Andy’s relaxed, common-sense approach to teaching is rooted in his background in developmental learning, his experience as a professional musician, and his interest in creative problem-solving. He has performed thousands of shows, taught many hundreds of people to play guitar or mandolin, and instructed extensively in the areas of performance, songwriting, and visual art.
Within each person there lies the possibility of positive creative expression. I create the environment and give folks access to the tools they need to explore their creative path.—Andy May
Andy’s own formal arts education includes attending the High School of Music & Art in New York City, where he received the prestigious Art Chairman’s Award, studying painting at the School of Visual Arts (NYC), and graduating from the University of Massachusetts, Amherst, Magna cum Laude, with a degree in Fine Arts and Art Education.
Andy has been Artist-in-Residence in schools across the northeast, and he has led workshops on a variety of topics at venues including the Walnut Valley Festival (KS), the Augusta Heritage Center (WV), MerleFest (NC), and the Country Music Hall of Fame (TN). Among them, his beloved Acoustic Kids Showcases provide young musicians with festival performance opportunities, and his Roots of Bluegrass workshop traces the development of this truly American musical form from the beginnings of recorded music. Andy also offers private lessons on guitar and mandolin to students of all ages.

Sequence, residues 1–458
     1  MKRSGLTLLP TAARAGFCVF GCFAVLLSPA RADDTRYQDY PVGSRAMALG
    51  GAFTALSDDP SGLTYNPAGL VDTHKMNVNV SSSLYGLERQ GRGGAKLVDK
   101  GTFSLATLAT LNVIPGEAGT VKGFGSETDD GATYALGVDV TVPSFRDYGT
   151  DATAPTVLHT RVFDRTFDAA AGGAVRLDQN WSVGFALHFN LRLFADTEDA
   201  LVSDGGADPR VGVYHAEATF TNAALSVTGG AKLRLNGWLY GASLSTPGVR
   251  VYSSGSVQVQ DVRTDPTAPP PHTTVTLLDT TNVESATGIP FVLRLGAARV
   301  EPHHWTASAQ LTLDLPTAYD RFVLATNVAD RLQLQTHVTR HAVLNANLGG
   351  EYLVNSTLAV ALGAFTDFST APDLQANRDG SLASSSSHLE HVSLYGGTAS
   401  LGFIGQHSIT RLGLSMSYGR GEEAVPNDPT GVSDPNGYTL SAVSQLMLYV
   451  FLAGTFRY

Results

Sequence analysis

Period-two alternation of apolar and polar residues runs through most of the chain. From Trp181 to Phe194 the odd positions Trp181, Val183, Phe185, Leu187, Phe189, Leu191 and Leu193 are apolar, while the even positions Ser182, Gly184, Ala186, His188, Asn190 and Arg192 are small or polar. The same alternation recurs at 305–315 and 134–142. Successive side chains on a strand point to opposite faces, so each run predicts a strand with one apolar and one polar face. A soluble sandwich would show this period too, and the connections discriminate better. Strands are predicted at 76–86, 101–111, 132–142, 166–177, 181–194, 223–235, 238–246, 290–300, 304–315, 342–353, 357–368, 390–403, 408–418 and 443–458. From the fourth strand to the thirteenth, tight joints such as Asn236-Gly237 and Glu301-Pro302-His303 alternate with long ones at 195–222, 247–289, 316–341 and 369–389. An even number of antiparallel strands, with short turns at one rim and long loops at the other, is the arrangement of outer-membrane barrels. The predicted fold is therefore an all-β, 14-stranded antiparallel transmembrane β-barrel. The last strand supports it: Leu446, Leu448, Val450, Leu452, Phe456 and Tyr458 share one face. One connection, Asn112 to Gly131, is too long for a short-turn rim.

I thoroughly endorse and encourage your continued work in this area, and I think you’re uniquely situated to help implement future programming of this sort. Every school should be lucky enough to benefit from it.—Robert Cogswell
Tennessee Arts Commission Folklife Program Director (retired) on Andy’s school programming
While he enjoys teaching students of all levels, Andy particularly loves working with beginning and intermediate-level musicians who are passionate about learning their instrument. He enjoys providing students with a solid framework that will free them to continue developing a deeper understanding of their own musical ability, even when they are not actively taking lessons.
…His manner is easygoing and conversational. He not only shares his music with students, but also the creative process through which songs are written and instruments are mastered.—Joan Gardner
Cultural Organization of the Arts, RI